Jenkins, Father Oliver Lawrence
1869, July 11
Date of Birth: 1813, June 17
July 27, 1869
Father and Very Dear Confreres,
No Memorial Card is Available
The Seminary of St. Charles has lately suffered a loss which will be keenly felt. Father Oliver Lawrence Jenkins died from a serious illness on July 11, 1869, at one o’clock in the morning. The danger was recognized almost too late; nevertheless, there was time to give him all the sacraments while he was still conscious. He received them with the piety which he had exhibited all through his life.
His patience while undergoing severe pain was unvarying: not a word, not a sign, of complaint. As he was in health, so he showed himself in sickness: simple, kind, lover of the cross. As one of his confreres said, a man whose actions were heroic.
Father Jenkins was born on June 17, 1813, at Baltimore of parents of the most respectable class in that city.
When he had finished his studies, he spent some time in secular society engaged in commercial enterprises in which he was very highly successful. However, returning from a voyage he made to Europe as a companion to his brother, he resolved to offer himself for the service of the Church.
With that in mind he entered the seminary on January 2, 1841, and on December 21, 1844 he was ordained to the priesthood. He had conducted himself in the seminary in such a way as to be judged fit for admission to the Society without further testing. It was in 1846 that he was formally admitted. He was assigned to St. Mary’s College as a teacher. In 1848 he was transferred, as Superior, to the minor seminary of St. Charles, which opened at that time. He stayed there only until 1850 and was then named President of the same St. Mary’s College where he had been a teacher. But when that college was closed, Father Jenkins returned again to St. Charles as President.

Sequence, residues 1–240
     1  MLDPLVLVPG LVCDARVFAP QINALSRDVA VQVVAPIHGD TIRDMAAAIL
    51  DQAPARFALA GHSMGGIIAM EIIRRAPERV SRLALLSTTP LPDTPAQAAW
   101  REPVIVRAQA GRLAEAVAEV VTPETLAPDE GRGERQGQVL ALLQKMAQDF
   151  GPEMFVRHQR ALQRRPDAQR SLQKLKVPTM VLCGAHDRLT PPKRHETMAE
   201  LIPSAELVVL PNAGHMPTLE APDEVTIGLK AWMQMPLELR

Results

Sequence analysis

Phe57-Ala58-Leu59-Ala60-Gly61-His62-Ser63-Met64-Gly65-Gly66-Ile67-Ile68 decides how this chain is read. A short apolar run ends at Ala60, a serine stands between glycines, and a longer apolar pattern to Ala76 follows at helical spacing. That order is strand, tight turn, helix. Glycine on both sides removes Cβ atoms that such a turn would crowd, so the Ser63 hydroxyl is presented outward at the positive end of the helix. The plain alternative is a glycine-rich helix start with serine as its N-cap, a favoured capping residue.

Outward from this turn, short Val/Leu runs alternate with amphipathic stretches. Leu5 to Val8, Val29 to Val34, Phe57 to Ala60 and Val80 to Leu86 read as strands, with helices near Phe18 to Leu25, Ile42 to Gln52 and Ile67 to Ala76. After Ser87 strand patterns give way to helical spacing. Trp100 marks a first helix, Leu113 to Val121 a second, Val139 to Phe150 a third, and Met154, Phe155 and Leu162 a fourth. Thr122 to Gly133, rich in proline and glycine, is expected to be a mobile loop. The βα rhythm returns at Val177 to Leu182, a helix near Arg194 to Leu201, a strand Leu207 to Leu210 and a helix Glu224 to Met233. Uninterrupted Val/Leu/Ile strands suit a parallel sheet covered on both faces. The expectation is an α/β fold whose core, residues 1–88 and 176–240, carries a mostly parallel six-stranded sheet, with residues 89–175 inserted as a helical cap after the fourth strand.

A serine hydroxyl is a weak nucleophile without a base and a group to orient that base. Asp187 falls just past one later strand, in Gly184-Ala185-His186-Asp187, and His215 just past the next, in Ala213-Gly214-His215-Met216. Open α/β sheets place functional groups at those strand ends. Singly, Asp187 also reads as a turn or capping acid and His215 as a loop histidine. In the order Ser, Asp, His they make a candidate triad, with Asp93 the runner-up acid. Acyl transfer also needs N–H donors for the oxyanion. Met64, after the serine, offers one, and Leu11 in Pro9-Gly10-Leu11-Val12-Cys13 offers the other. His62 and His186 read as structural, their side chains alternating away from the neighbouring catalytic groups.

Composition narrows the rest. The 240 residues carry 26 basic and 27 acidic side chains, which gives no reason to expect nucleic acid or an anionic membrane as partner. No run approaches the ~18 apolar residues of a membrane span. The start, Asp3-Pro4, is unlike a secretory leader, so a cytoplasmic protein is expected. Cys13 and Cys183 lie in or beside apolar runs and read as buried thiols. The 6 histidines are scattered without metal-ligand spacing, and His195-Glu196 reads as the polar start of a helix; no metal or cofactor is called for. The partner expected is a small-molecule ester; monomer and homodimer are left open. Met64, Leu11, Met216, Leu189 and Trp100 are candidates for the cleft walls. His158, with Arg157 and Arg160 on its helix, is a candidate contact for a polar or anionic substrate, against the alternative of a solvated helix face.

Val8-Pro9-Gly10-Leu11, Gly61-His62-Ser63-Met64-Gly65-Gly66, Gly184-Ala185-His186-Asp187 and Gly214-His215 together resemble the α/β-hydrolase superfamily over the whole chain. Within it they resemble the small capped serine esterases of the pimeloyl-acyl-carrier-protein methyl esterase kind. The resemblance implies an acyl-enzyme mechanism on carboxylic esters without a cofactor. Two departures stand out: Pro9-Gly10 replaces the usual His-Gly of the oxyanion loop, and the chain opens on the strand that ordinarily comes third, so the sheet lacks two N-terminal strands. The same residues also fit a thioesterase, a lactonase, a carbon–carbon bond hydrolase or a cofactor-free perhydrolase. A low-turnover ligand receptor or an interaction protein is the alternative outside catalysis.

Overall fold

In every way Father Jenkins showed himself constantly as a man of God, seeking only His glory and thus ready for every sacrifice. A model seminarian during his years of theological study, he was a model priest, a model director, in carrying out his duties. He was especially admired for his humility, simplicity, zeal, obedience, charity and patience equal to every trial. Readily acknowledgeable was his generosity, his love for the Society, his devotion to the work to which he was assigned – this apart from his acts of charity, known only to God and those who were their beneficiaries. He was largely responsible for construction work at St. Charles, for the entire chapel. “He lived only for the work of the seminary,” said one who knew him well.
God could not keep from blessing that house. In care of Father Jenkins, it flourished; and it has come, without fanfare, to a most satisfying prosperity.
If the work had only human approval, his death, it must be owned, would put it in danger. Esteemed and loved within the seminary, Father Jenkins enjoyed beyond it a high regard which redounded on to the institution. Nothing better evidences to what heights he had risen in reputation than these words which – at the very moment when he learned of the death of our dear confrere – suddenly sprang from the lips of the Archbishop: This is a severe loss to me personally; it is one the most severe losses in the ranks of my priests.
Let us hope that by God’s grace, Father Jenkins has not entirely left a house which he loved so dearly, but that he has left his spirit; and that that spirit, which so blessedly inspired him, will inform those who succeed him.
How fortunate it is, once having reached the end of a life more productive than its length would suggest, to be able to use the same language as St. Paul did: Bonum certamen certavi! [I have fought the good fight!] The reason for our joy is apparent.
We are Christians, we are priests, we are Sulpicians; let us be aware of these points as we arise each morning, aware of these points in every one of our actions. This practice will help to rearouse us, in that threefold realization, to the spirit of our vocation, to assure us that on the day of our death we too will have the right of exhibiting the confidence of true apostles [in our own proclaiming]: Bonum, etc. [I have fought ... ]
I ask for our dear confrere the prescribed prayers.
Accept again the assurance of all my affection and devotion, with which I am, Fathers and very dear confreres,
Superior of St. Sulpice